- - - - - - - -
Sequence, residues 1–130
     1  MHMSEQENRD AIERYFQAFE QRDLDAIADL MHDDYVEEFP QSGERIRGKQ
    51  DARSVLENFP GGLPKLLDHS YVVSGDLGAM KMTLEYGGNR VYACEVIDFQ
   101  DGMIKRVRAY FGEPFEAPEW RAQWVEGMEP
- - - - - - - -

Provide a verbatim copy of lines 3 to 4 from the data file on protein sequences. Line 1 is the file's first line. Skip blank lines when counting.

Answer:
    51  DARSVLENFP GGLPKLLDHS YVVSGDLGAM KMTLEYGGNR VYACEVIDFQ
   101  DGMIKRVRAY FGEPFEAPEW RAQWVEGMEP